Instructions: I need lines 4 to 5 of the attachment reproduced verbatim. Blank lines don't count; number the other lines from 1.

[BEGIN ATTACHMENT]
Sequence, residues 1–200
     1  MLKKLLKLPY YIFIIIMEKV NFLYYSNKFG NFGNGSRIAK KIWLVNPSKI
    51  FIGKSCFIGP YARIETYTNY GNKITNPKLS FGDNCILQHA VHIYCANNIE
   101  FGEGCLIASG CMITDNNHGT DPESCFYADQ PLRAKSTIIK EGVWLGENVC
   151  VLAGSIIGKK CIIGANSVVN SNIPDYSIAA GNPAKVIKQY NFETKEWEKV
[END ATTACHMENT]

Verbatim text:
   101  FGEGCLIASG CMITDNNHGT DPESCFYADQ PLRAKSTIIK EGVWLGENVC
   151  VLAGSIIGKK CIIGANSVVN SNIPDYSIAA GNPAKVIKQY NFETKEWEKV